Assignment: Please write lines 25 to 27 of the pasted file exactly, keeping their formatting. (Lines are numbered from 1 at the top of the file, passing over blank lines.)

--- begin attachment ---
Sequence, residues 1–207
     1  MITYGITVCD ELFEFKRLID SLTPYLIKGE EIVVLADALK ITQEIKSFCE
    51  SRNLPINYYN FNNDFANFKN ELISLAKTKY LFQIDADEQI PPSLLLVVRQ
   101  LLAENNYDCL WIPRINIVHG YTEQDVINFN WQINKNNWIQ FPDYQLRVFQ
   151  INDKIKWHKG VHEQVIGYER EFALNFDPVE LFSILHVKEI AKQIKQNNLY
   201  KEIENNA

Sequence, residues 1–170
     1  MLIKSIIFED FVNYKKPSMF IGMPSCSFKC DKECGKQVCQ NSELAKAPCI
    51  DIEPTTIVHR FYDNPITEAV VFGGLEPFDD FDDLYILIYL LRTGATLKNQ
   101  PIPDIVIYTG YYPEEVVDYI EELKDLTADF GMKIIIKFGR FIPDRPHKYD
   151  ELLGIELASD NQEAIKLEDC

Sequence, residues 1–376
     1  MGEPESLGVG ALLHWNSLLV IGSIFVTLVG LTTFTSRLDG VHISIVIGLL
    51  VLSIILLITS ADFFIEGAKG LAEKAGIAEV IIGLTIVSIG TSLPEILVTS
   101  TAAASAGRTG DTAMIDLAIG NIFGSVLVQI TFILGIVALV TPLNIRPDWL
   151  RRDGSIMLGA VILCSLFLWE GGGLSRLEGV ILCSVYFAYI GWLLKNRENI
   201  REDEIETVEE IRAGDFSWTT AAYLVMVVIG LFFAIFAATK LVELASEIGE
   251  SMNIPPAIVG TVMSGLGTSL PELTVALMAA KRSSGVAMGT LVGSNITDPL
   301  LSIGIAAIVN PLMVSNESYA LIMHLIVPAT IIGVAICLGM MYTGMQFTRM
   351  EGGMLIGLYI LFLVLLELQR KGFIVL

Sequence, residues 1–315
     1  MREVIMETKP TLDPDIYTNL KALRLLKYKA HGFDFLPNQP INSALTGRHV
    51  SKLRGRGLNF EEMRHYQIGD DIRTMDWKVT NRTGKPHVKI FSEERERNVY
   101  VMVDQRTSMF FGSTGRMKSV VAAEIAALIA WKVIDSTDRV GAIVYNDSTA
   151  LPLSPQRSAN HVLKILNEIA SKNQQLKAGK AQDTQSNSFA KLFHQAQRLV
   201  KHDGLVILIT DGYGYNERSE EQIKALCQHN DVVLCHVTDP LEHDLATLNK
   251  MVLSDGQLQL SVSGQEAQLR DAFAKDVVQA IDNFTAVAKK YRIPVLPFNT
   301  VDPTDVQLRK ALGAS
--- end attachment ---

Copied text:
   151  LPLSPQRSAN HVLKILNEIA SKNQQLKAGK AQDTQSNSFA KLFHQAQRLV
   201  KHDGLVILIT DGYGYNERSE EQIKALCQHN DVVLCHVTDP LEHDLATLNK
   251  MVLSDGQLQL SVSGQEAQLR DAFAKDVVQA IDNFTAVAKK YRIPVLPFNT